Vulnerable teenager who died jumping into traffic on A47 received “good care”, inquest hears
PUBLISHED: 07:50 11 January 2018 | UPDATED: 11:16 11 January 2018
A review into the death of a vulnerable 18 year-old who jumped into traffic on the A47 after being released from the James Paget Hospital found she received “good care”, an inquest has heard.
Rachel Stoter had been allowed to walk the eight miles home to Lowestoft after a mental health assessment on May 22, 2017 found she should not be detained, despite two attempts on her own life in the previous 48 hours.
Diagnosed with emotionally unstable personality disorder and post-traumatic stress disorder, Rachel, from Beccles, had self harmed frequently since the age of 13.
She made multiple attempts on her own life, which her mother called “cries for help”, and spent much of her teenage years in various mental health facilities.
In March 2017 she moved into supported accommodation at Kirkley Cliff in Lowestoft and by May 21 she was admitted to the James Paget Hospital (JPH) after a suicide attempt. While at A&E she made a further attempt on her life.
The next day, after two psychiatrists and a mental health professional deemed she could not be sectioned under the Mental Health Act, Rachel jumped into the path of a lorry on the A47 at Hopton.
Later that day she had been due to act as birthing partner for her sister, who was having induced labour. Katie Rachel was born two days later, and is now seven months old, taking her middle name from her late aunt.
After the inquest into her death Rachel’s mum, Michelle Whiting, said her daughter had been “let down by mental health teams”.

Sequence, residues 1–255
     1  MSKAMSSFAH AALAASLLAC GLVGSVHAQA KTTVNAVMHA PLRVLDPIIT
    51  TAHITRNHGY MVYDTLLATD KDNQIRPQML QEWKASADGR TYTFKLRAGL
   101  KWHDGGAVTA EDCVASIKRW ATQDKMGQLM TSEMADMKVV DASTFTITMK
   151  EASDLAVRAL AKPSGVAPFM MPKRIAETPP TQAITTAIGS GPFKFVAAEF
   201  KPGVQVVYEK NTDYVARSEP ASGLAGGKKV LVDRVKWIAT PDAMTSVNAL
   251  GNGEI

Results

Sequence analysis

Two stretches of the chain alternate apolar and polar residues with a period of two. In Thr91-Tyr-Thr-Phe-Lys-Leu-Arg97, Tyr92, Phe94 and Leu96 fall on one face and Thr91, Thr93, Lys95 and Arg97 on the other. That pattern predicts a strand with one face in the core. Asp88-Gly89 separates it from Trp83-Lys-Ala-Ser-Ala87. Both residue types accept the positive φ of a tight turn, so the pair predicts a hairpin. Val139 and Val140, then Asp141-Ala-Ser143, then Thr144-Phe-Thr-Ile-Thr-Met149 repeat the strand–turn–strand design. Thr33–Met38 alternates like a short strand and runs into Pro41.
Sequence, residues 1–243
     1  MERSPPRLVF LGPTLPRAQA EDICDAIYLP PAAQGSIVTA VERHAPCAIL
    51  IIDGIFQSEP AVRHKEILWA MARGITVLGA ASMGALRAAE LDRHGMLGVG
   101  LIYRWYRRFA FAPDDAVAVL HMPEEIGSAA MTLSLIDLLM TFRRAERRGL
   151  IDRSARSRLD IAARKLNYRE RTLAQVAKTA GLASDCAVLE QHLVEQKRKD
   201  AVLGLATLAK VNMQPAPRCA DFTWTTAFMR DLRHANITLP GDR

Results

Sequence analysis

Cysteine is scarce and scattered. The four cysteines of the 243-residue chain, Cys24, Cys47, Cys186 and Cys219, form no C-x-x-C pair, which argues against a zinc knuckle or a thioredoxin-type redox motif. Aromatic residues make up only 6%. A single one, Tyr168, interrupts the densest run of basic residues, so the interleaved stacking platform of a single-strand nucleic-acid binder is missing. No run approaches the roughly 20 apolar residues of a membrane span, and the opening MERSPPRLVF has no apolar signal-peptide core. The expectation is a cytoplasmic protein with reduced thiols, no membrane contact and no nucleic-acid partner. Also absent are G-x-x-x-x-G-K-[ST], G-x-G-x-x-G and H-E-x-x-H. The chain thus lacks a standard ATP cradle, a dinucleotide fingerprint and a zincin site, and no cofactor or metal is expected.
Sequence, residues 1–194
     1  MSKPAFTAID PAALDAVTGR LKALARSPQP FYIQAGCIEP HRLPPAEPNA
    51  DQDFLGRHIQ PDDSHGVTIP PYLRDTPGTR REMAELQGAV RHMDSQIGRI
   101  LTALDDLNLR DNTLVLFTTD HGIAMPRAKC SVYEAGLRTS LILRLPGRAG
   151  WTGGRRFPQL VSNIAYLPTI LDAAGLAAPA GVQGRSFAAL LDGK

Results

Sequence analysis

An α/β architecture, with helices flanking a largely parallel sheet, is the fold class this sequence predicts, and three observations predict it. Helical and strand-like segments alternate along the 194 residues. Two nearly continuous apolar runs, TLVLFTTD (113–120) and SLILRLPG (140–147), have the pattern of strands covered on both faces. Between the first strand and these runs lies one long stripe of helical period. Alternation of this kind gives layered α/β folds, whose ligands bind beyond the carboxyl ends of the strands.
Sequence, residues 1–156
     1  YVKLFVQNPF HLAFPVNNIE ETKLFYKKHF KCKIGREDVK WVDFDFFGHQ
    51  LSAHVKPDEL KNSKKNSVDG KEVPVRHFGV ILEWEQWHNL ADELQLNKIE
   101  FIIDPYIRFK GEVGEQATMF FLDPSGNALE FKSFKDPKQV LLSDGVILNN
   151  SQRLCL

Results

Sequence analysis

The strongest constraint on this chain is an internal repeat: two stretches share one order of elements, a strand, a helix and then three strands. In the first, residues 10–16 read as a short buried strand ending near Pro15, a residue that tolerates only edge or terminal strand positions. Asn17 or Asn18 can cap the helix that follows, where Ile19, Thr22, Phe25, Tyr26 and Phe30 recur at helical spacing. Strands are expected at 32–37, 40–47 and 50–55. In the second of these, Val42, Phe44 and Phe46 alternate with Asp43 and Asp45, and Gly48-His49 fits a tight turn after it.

“If they had detained her she would still be alive today,” she said.
Norfolk Coroner’s Court heard from the assessment team who discharged her from hospital after she had declined offers of transport.
Dr Larry Ayuba, consultant psychiatrist with the Norfolk and Suffolk NHS Foundation trust (NSFT), had detained Rachel under the Mental Health Act (MHA) in 2015 at Northgate Hospital in Great Yarmouth.
When he saw Rachel again at JPH on May 22, 2017 he said “her risk had not changed” and she was released to return to supported accommodation.
“While she was still self harming, hospital admissions had not made any difference,” he said.
“Thoughts of self harm were chronic and ongoing and it appeared the risk had been quite consistent. Our decision hinged on the fact she already had a very good care package in the community and she was willing to continue to engage.
“It is a known fact for people who suffer from emotionally unstable personality disorder, admissions into hospital actually make things worse.
“If for any reason we had any doubts in our minds at that time we would have gone ahead and detained her.”
Alison McWilliams, mental health practitioner with Suffolk County Council, attended JPH after Norfolk were unable to provide doctors for the MHA assessment.
She had intended to inform Kirkley Cliff Rachel was returning home from JPH but soon had three urgent referrals to deal with.